And yet, there must have been some benefit accruing from their visit. For, once again, he succeeded in pulling his body back from the brink. It was not through any interest in himself, mind! That was perhaps just as well for had someone passed him a glass he would have seen the state into which his corporeal frame had fallen. Other than the few strands of whitening hair which remained only in patches and hung loose, he was almost bald by then, his face mottled with blood blemishes, his teeth falling loose at a moderate pace – shaking in their sockets as his lips fumbled; barely more than a stationary shadow of a former man. He would have to go on though: there were things he had not yet completed and they would not let him rest!
The prescription with which Janet was charged with administering had changed. She took her commands from Anne on that one, not just from any old man in the company of others visiting from Halifax. Nevertheless, that godly old man had left detailed notes for her regarding the execution of her duties. And Janet had done her absolute best for him in all the ways she thought she knew. It still sounded as though it might not always have been what he actually wanted though. No matter what compromises a man may have made over the course of his life, at such times, the internal mind has a fighting tendency to return to more youthful fundamentals.
—I maintained prayer vigils for him – with and without his wife …for hours, of course.
—That would never have made the slightest difference. [She was visibly taken aback at the harshness of my retort. It was only fair that I explained to her the position to which I had held for so long. I would do it in a fashion to which she might be able to relate though.] The reality of the situation is that the Lord knows the destined times for everything. There is nothing which a man can do to delay that predestined time by one hour. It is pure presumption to believe that God should care to take any note of our feeble concerns. [Then, feeling that I might only have succeeded in making the harsh harsher still] …I do not doubt even for one moment that you and Anne were both well-intentioned though.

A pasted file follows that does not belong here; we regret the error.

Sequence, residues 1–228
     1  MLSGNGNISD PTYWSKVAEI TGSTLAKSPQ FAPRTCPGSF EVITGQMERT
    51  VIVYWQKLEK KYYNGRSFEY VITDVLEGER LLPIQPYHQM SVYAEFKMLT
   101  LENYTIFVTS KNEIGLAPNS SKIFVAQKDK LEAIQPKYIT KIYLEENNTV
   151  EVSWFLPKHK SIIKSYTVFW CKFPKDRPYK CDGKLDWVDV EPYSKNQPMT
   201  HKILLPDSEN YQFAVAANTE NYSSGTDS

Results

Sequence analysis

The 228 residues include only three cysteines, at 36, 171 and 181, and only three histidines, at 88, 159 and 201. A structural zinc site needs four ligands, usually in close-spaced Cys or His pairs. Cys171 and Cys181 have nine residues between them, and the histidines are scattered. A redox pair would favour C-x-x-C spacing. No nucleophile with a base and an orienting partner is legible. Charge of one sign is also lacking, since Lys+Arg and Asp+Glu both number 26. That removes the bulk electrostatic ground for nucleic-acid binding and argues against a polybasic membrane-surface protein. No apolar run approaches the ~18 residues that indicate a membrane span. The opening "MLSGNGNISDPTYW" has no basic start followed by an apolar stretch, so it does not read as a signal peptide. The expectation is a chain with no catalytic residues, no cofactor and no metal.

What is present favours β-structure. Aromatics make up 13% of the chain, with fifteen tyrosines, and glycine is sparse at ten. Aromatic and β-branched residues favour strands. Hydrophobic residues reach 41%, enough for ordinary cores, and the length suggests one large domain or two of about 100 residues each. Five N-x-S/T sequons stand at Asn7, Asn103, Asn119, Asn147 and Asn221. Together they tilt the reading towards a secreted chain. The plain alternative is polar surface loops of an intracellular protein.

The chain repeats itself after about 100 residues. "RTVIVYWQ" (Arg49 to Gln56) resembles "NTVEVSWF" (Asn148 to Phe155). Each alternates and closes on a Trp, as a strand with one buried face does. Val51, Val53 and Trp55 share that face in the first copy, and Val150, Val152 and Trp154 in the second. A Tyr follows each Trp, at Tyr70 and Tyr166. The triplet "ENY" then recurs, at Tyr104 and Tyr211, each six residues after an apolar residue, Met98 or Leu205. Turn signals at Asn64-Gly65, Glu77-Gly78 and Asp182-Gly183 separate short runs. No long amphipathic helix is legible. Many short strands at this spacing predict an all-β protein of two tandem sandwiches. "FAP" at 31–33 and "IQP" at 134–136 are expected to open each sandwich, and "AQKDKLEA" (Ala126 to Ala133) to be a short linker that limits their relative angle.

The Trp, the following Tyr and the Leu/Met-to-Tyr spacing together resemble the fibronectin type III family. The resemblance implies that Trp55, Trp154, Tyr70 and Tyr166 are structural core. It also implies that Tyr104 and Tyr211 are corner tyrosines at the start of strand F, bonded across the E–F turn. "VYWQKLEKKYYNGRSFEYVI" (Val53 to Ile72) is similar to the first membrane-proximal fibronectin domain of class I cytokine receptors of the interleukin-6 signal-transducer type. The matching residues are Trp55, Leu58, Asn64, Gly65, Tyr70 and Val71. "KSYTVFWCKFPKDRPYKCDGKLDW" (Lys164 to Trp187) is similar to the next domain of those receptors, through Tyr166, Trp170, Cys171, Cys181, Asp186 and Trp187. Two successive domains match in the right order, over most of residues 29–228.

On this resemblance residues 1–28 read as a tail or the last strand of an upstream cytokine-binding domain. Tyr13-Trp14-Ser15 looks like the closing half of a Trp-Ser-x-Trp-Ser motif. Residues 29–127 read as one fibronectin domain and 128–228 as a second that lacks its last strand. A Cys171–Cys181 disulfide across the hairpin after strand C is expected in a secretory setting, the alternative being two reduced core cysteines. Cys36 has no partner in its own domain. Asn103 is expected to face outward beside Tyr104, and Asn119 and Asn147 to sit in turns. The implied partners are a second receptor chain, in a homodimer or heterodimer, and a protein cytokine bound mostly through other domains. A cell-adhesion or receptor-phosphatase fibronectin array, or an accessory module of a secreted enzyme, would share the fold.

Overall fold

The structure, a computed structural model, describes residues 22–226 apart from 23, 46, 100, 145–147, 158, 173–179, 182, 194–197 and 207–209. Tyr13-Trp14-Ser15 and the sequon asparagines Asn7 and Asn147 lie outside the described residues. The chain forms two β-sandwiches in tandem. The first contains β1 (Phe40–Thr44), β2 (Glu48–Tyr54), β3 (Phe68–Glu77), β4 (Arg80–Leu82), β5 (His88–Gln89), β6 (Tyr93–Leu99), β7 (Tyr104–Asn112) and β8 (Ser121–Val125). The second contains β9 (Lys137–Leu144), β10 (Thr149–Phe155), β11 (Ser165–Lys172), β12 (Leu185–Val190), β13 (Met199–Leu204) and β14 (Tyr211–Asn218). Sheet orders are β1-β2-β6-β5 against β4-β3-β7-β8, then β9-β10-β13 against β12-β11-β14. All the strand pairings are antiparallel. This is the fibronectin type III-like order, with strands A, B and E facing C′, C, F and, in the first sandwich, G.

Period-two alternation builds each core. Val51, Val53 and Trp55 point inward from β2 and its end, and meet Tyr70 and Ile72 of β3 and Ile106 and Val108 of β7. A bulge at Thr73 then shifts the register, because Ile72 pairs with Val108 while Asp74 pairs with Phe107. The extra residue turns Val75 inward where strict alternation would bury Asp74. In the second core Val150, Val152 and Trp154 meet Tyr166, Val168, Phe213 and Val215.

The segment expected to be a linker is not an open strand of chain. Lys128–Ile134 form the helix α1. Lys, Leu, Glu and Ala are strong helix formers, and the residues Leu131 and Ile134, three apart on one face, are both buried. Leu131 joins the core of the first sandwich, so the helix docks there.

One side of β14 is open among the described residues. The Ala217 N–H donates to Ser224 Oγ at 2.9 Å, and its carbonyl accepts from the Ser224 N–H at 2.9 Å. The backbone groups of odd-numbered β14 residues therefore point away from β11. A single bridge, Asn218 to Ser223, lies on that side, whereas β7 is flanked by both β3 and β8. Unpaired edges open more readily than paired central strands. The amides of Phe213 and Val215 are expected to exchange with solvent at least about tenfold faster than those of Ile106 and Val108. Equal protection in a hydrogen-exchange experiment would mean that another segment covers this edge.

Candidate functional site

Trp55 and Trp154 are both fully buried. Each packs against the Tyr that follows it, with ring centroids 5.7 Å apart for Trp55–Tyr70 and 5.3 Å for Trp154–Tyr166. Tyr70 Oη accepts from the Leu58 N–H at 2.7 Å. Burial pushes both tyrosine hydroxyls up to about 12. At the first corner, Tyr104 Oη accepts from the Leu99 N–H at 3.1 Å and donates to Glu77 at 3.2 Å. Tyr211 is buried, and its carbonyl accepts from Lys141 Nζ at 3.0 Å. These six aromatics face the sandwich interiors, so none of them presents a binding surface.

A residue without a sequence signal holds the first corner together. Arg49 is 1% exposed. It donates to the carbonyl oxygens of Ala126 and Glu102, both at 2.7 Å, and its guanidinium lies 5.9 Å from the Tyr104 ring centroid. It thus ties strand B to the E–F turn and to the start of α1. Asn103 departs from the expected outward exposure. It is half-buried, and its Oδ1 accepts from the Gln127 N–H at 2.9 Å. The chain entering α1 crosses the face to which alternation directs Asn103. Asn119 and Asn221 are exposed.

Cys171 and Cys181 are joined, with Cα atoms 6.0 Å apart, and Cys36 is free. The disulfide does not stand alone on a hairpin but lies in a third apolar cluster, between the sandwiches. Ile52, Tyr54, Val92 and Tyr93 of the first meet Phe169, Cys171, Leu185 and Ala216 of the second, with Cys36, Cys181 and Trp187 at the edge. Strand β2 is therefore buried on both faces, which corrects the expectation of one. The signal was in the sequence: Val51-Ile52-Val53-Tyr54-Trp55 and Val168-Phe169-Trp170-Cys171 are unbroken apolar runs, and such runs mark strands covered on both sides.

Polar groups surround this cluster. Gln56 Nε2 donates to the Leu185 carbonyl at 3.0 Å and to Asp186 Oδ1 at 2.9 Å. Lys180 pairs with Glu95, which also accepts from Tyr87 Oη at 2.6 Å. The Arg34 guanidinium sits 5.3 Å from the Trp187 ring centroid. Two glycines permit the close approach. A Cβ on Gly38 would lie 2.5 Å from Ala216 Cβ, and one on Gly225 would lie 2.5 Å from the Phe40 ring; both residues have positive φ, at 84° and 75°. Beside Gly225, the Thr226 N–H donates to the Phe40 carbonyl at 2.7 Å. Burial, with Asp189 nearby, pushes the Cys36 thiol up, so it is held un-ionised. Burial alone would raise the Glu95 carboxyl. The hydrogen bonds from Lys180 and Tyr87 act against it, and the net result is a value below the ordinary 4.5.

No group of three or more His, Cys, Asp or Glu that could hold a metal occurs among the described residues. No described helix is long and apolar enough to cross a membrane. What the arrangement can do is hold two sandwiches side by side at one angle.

Still she said nothing. Nevertheless, in retrospect, I do believe that there may have been some kind of realisation within her. And there was perhaps even some consideration that – just possibly – the views I had outlined might have had some accord with what Brierley might have shared with her regarding his own.
And, as for him, still his mind had not permitted him any rest. He would check over with Janet all the letters he (and they) had already written – the names only recognisable with prior knowledge of them as the movements of his mouth became constricted and contorted, his throat either too dry or else (at the other extreme) his lips dripping with spittle, distorting every word. He would not even attempt them with Anne there. Part of his face seemed now to refuse any movement no matter what efforts he made. He knew that it was actually too paining for her to watch.
—John Towne… Robert Towne… Peter Shaw, care of the Collegi’… [he did his best to enunciate that word but a word such as that had become… well, too long for him and caused the rest to be interspersed with gasps for breath] …Ambrose Walton …of Marsden (…Aye me, we have done that – I know, I know! [the anger was only ever directed at his own incapacities]) …the Barcrofts of Foulridge – all of them, mind!… yes…now… Henry Currer in Halifax (he has been here then? – good, even if I recall nothing of it now) …Matthew Brearley… – We have done that – done that one very fully… I did it before… yes, that is important… Peter… Our Peter…
He had gone full circle but she put up with his repetition in spite of the pain it caused them both! She confirmed that all those people had letters and many more. Many more – she reminded him of a dozen or so additional names to whom he had made her scribe. He grunted and nodded as best as he could. He seemed satisfied with her assurances. Brierley wrenched his neck sideways to get a better look at her. Then he jumped as the bones in his neck cracked, surprising himself at the creaking of his own frame and to what it had by then deteriorated. Janet winced at the sound too, trying to swallow her distaste for fear of upsetting the minister. He gasped for air and spat out, no longer even bothering with the simple wooden bowl which had been allocated that role, the spittle landing on his chest, humiliatingly.
—All… of them. Yes… Thank you Janet. You have been good to me. So good… Prepare… [He gasped again and struggled to catch his breath; Janet leaned forward, putting her hand upon his sweating forehead in the vain hope that it might calm him and prevent him from restricting his breathing by leaning forward further. It did not much. And she of all folk knew that there was absolutely no point in attempting to dissuade him from continued talk.] …Prepare for the return …hmmm ….Thank you …so much. [His voice quietened further, barely then more than a whisper.] Give Matthew time… he… he needs… time… Wait!… Keep your faith, Genet… keep it… LOW!…